WORLD Iranian diplomat handed 20-year sentence for France bomb plot


Iranian diplomat handed 20-year sentence for France bomb plot


09:15, February 05, 2021

An Iranian diplomat found guilty of planning to bomb a meeting of an exiled opposition group in France has been sentenced to 20 years in prison.

It is the first trial of an Iranian official for suspected terrorism in Europe since Iran's 1979 revolution.

Assadollah Assadi was found guilty by the court in Antwerp, Belgium of attempted terrorism after a foiled plot to bomb a rally north of Paris in June 2018.

An armored vehicle is parked outside an Antwerp court, where an Iranian diplomat was sentenced to 20 years in prison on Thursday for his part in planning a terrorist attack in France. /AFP

The 49-year-old diplomat was based in Austria and he was found to have conspired to use a bomb codenamed "the Playstation" and which was brought in from Iran on a commercial flight to Vienna.

French officials have said Assadi was running an Iranian state intelligence network and was acting on orders from Tehran.

Two of Assadi's associates were arrested in Belgium with the explosive TATP and a detonator.

Along with another accomplice, they were sentenced on February 4 for their roles in the plot and were handed jail terms of between 15 and 18 years.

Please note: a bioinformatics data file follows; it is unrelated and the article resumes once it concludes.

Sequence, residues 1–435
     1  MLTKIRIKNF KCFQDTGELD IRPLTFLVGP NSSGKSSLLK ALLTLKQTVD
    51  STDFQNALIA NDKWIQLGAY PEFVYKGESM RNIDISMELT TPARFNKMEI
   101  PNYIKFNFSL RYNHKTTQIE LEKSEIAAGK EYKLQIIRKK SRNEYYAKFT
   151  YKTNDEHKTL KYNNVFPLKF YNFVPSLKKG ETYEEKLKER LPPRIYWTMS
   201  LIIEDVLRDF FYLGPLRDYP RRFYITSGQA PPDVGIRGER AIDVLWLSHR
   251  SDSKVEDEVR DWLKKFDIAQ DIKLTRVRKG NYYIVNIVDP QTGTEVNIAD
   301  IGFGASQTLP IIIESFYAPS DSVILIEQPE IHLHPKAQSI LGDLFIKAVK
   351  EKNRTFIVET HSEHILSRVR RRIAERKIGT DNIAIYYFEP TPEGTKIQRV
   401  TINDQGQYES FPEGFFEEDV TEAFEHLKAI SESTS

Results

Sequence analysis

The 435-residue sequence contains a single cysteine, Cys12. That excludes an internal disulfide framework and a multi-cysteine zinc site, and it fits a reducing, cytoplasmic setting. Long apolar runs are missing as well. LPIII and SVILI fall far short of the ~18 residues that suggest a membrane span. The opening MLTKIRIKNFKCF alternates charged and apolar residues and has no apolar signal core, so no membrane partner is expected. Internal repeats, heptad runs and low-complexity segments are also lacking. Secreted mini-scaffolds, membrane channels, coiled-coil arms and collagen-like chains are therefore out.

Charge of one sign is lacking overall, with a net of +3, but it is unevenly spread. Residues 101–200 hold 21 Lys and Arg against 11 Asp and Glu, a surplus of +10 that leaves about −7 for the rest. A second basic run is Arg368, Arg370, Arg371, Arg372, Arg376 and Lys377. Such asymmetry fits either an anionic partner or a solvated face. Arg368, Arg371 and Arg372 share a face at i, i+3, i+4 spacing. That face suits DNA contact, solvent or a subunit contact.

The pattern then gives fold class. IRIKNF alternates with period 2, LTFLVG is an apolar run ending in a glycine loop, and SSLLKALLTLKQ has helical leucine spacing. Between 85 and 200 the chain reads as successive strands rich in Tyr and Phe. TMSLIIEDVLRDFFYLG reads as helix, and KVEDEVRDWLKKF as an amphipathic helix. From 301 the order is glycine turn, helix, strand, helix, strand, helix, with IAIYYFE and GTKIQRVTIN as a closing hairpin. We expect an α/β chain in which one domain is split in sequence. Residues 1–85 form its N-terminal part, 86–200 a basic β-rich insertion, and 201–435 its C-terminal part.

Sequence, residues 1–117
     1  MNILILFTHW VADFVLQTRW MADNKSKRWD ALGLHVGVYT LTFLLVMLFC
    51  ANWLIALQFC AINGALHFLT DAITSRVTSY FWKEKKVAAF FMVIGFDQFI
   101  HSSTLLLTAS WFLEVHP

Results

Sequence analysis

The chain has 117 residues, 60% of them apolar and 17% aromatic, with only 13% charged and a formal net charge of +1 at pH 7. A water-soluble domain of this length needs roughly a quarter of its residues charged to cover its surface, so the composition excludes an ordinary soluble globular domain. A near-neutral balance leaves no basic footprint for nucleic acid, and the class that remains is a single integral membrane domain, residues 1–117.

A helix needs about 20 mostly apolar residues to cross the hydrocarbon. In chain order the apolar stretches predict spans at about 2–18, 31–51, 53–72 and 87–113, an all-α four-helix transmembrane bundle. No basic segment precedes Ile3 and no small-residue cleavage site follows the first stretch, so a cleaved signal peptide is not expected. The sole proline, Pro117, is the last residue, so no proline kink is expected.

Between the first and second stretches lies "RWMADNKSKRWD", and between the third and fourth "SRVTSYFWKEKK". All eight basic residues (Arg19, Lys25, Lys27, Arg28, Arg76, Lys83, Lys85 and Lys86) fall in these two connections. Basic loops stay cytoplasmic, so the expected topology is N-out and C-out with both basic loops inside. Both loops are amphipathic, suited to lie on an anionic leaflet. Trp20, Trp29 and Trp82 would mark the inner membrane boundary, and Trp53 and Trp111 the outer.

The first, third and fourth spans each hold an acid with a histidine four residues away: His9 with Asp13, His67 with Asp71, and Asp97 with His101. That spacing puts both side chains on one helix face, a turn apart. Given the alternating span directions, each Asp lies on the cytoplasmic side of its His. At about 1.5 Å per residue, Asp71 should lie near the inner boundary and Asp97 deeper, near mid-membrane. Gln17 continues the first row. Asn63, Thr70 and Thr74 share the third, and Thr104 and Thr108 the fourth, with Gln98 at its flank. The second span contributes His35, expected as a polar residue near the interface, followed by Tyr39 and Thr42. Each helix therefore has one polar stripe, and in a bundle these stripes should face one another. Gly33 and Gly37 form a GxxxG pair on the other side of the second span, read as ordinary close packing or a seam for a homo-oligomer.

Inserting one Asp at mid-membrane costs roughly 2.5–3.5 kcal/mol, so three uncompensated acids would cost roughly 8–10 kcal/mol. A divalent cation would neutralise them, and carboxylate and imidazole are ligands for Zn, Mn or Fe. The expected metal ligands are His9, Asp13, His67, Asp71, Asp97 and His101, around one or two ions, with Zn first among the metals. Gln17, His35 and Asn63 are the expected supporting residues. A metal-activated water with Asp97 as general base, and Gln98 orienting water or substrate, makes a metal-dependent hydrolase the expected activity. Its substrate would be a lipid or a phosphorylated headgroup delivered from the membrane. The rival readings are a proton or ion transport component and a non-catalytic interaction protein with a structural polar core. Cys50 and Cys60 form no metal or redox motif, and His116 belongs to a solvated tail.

"It's a historic judgment," said Shahin Gobadi, a spokesman for the Iranian opposition group the National Council for Resistance to Iran.

"It clearly shows that the Iranian regime uses terrorism as their state policy and as you see they made it very clear that the regime's diplomat Assadi was directly involved in this terror plot.

"I think now it is time for European countries to make a decision. Inaction is not acceptable under any pretext."

Iran has repeatedly dismissed the charges and denied any involvement.

It called the allegations a Western trap and a "false flag" stunt by the National Council for Resistance to Iran, which it considers a terrorist group.

The intended target of the bombing was a 2018 meeting of the Mujahedin-e-Khalq, or MEK, one of the biggest Iranian exile groups opposed to the supreme leader of Iran.

A lawyer and members of the National Council for Resistance to Iran group spoke to reporters after the court case reached its conclusion. /AFP

The specific target was Maryam Rajavi, the leader of the diplomatic wing of the MEK.

Along with thousands of Iranian exiles, former US President Donald Trump's personal lawyer Rudy Giuliani and the former speaker of the US House of Representatives Newt Gingrich were in attendance.

The verdict comes at a sensitive time for relations between the West and Iran.

The European Union has imposed sanctions on Iranian individuals for human rights violations but Brussels has also sought closer diplomatic and business ties with Tehran.

US President Joe Biden is considering whether to lift economic sanctions reimposed by his predecessor Trump.

Those sanctions were announced in 2018 when the US pulled out of the historic 2015 nuclear accord signed between Iran and the US, the UK, France, Russia, China and Germany.

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